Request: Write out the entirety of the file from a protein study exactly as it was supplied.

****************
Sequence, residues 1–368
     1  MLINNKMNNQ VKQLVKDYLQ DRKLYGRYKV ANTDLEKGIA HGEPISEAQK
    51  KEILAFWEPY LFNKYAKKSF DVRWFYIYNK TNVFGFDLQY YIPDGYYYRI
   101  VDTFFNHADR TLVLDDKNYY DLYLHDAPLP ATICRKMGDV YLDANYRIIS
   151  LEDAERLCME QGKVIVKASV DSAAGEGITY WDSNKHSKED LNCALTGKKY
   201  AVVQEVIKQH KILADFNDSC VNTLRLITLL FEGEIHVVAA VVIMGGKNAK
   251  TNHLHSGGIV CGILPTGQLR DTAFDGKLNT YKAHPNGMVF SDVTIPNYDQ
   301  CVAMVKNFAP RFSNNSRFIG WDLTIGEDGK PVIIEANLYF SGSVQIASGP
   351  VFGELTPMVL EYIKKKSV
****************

Sequence, residues 1–368
     1  MLINNKMNNQ VKQLVKDYLQ DRKLYGRYKV ANTDLEKGIA HGEPISEAQK
    51  KEILAFWEPY LFNKYAKKSF DVRWFYIYNK TNVFGFDLQY YIPDGYYYRI
   101  VDTFFNHADR TLVLDDKNYY DLYLHDAPLP ATICRKMGDV YLDANYRIIS
   151  LEDAERLCME QGKVIVKASV DSAAGEGITY WDSNKHSKED LNCALTGKKY
   201  AVVQEVIKQH KILADFNDSC VNTLRLITLL FEGEIHVVAA VVIMGGKNAK
   251  TNHLHSGGIV CGILPTGQLR DTAFDGKLNT YKAHPNGMVF SDVTIPNYDQ
   301  CVAMVKNFAP RFSNNSRFIG WDLTIGEDGK PVIIEANLYF SGSVQIASGP
   351  VFGELTPMVL EYIKKKSV